From Wikipedia, the free encyclopedia
Jump to navigation Jump to search
A close up of the human unibrow. Not all unibrows are similar, the unibrow pictured above also has hair between the eyes.

A unibrow (or jacco brow; called synophrys in medicine) is a single eyebrow created when the two eyebrows meet in the middle above the bridge of the nose.[1] The hair above the bridge of the nose is usually of the same color and thickness as the eyebrows, giving the appearance that they converge to form one uninterrupted line of hair.


The first known use of the word 'unibrow' was in 1988.[2]

Culture and beauty[edit]


A unibrow is considered as a sign of beauty in Arab culture. Its popularity causes women to draw a black line joining the brows as a part of their routine makeup to fake a unibrow. A study found the prevalence of synophrys to be at 11.87% in the Omani population.[3]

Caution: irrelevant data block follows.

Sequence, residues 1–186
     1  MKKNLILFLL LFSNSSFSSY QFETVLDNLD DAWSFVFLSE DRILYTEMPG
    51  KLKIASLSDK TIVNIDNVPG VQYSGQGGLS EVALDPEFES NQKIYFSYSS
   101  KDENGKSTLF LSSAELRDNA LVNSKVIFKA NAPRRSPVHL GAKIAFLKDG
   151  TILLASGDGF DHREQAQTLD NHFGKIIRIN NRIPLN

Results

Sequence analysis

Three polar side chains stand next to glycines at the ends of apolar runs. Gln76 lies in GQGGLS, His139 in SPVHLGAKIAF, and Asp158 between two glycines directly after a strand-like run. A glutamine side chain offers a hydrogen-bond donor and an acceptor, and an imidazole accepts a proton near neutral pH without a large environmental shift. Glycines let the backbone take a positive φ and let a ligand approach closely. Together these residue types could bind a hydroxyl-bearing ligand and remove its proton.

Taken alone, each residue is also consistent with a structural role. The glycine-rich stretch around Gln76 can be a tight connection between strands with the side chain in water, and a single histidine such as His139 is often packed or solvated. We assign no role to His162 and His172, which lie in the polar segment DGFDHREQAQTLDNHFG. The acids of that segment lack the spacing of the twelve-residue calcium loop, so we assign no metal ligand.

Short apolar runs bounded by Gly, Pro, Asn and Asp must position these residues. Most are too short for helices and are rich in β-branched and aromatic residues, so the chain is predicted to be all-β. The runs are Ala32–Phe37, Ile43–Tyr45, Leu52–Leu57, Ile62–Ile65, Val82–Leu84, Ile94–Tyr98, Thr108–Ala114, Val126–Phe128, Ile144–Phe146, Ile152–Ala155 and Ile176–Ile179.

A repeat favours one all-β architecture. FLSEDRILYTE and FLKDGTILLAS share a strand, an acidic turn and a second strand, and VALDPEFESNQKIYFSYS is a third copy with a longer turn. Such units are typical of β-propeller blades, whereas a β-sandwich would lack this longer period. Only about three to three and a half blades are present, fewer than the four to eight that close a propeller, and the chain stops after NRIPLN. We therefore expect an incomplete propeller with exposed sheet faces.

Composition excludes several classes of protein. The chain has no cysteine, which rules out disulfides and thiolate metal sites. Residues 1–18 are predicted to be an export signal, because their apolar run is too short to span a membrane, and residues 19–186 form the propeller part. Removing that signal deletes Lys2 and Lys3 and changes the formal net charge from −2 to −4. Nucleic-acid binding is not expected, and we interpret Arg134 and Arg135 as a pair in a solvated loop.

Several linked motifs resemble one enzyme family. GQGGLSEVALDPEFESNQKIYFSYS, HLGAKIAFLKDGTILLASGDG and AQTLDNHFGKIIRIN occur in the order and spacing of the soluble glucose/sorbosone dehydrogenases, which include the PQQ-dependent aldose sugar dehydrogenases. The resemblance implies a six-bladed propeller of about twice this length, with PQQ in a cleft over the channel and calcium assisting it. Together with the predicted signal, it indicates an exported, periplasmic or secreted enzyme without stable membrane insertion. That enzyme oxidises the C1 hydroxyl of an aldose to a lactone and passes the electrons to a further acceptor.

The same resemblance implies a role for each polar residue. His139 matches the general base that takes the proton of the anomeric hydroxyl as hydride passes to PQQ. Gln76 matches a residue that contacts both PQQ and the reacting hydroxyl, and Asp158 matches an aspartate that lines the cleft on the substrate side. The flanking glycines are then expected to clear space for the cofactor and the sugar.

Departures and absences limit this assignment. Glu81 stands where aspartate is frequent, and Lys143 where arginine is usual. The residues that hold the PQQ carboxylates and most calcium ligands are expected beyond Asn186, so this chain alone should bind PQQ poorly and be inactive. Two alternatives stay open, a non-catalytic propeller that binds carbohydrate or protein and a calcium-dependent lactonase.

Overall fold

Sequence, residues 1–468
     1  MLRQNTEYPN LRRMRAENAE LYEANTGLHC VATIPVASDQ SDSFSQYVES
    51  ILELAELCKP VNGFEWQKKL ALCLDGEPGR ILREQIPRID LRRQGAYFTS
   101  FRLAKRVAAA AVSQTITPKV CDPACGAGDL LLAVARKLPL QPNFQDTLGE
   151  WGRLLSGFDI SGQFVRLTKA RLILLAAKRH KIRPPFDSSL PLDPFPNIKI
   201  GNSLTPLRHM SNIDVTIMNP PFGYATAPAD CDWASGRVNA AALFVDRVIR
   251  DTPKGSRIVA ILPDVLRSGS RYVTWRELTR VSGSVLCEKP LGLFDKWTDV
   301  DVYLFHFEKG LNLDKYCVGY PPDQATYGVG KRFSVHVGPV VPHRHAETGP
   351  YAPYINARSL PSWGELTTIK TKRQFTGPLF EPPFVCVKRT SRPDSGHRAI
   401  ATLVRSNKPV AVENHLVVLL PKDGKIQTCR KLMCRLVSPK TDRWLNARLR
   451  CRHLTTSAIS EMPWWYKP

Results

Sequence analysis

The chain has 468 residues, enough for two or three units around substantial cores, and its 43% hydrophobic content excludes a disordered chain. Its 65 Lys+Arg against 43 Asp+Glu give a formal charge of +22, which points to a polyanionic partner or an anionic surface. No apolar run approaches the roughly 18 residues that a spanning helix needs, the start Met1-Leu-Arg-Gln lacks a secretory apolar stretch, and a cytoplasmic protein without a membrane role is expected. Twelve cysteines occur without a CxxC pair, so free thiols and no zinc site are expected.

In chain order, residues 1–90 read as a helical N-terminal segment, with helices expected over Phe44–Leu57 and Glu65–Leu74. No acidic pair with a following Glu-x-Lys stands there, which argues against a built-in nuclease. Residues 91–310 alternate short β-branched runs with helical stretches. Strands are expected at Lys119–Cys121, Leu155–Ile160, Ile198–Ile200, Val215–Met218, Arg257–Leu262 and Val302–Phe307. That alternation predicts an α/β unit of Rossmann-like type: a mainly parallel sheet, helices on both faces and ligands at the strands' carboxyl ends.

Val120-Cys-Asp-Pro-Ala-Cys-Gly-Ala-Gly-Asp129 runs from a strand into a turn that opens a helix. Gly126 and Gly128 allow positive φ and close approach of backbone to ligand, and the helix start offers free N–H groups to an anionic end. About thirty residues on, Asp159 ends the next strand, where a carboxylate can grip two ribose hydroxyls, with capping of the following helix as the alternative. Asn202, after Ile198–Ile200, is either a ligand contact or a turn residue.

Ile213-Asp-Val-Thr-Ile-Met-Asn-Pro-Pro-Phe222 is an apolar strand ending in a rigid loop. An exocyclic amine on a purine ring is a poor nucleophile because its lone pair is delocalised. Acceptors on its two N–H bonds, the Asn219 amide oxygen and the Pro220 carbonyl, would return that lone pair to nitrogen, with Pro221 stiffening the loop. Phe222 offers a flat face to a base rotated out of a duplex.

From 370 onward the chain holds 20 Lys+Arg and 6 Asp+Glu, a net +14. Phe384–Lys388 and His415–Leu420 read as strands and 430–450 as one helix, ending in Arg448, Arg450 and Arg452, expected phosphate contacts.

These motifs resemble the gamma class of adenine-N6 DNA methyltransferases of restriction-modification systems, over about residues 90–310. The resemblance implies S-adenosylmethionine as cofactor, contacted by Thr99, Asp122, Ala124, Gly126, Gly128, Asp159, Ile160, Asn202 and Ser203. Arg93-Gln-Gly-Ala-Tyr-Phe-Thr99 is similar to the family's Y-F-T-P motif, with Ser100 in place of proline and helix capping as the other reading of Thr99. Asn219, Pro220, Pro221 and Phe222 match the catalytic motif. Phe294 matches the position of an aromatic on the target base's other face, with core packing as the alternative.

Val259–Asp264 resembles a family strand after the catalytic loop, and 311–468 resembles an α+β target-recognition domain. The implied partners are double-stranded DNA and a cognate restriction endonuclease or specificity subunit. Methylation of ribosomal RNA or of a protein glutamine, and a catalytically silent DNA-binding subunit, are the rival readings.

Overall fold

In Tajikistan,[4] a unibrow is viewed as an attractive quality in both men and women. For women, it is associated with virginity and purity and, in men, virility. If there is no unibrow present, or if it is weak, it is commonplace for women to use a kohl liner or a modern kajal pen to simulate a unibrow.



The unibrow is a recessive genetic trait.[5]

Medical conditions[edit]

A unibrow is part of normal human variation, but can also stem from developmental disorders. A unibrow is a recognized feature of Cornelia De Lange syndrome, a genetic disorder whose main features include moderate to severe learning difficulties, limb abnormalities such as oligodactyly (fewer than normal fingers or toes) and phocomelia (malformed limbs), and facial abnormalities including a long philtrum (the slight depression/line between the nose and mouth).

Other medical conditions associated with a unibrow include:

Cornelia de Lange Syndrome

See also[edit]


  1. ^ "confluent eyebrow". TheFreeDictionary.com. Retrieved 2016-02-02. 
  2. ^ "Definition of UNIBROW". www.merriam-webster.com. Retrieved 2016-02-02. 
  3. ^ Synophrys: Epidemiological Study.P.Kumar. Int J Trichology.2017;9(3):105-107. PMC 5596643.
  4. ^ Elder, Miriam (November 27, 2010). "Where the unibrow reigns". Global Post. Retrieved November 13, 2011. 
  5. ^ "Human Traits". faculty.southwest.tn.edu. Retrieved 2016-02-02.